It would be commendable for the Conservative leader to insist his party offers a positive vision of his 'big society' agenda - it would fit with the political strategy of 'reassurance' and countering fears of a Tory government which informed his approach to Thursday's debate.
But many in his party want a much tougher aggressive response towards both the Liberal Democrats and Gordon Brown's Labour government, against which the Conservatives have consistently been fighting a highly negative campaign for months.
Cameron has previously admitted he had broken his promise to "end Punch and Judy politics", which he had made a central point of his wish to do politics differently on becoming party leader:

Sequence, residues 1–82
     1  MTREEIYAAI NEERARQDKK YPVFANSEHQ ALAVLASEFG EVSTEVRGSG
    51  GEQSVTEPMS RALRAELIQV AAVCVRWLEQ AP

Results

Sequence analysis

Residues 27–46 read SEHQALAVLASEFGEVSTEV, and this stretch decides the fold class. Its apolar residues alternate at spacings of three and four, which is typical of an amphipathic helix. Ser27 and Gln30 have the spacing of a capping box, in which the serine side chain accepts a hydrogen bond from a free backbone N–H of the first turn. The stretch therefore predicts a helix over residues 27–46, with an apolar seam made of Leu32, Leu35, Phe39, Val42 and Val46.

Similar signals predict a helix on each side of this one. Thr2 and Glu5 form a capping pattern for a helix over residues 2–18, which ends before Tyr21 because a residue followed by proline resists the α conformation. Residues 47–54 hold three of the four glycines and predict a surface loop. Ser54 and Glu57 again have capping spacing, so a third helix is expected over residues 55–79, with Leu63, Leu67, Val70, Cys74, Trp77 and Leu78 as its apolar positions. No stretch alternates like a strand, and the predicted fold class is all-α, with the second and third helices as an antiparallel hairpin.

“I will absolutely hold up my hands and say this is a promise I have not been able to deliver,” he told the Today programme.
I take a robust approach. I don’t make any apology for that,” he said.
“The quieter tone I’d hoped we might be able to have, the better discussion of politics at Prime Minister’s Questions, doesn’t work.”
The question of what the Tories will do this weekend reflects one of the core unresolved strategic tensions about the content, message and tone of the Conservative campaign - with his guru Steve Hilton wanting a thematic "hope" campaign focused on a positive vision, and his communications director Andy Coulson believing in a much more aggressive and punchy "pub ready" assault against political opponents.
This is decision time.
My guess is that, with the pressure very much on the Tory camp, Coulson will prevail - and that the Conservatives will attack the LibDems hard over immigration, defence, crime and tax.
With the leader having promised the opposite, perhaps we can expect a more upbeat and positive Tory message this weekend after all.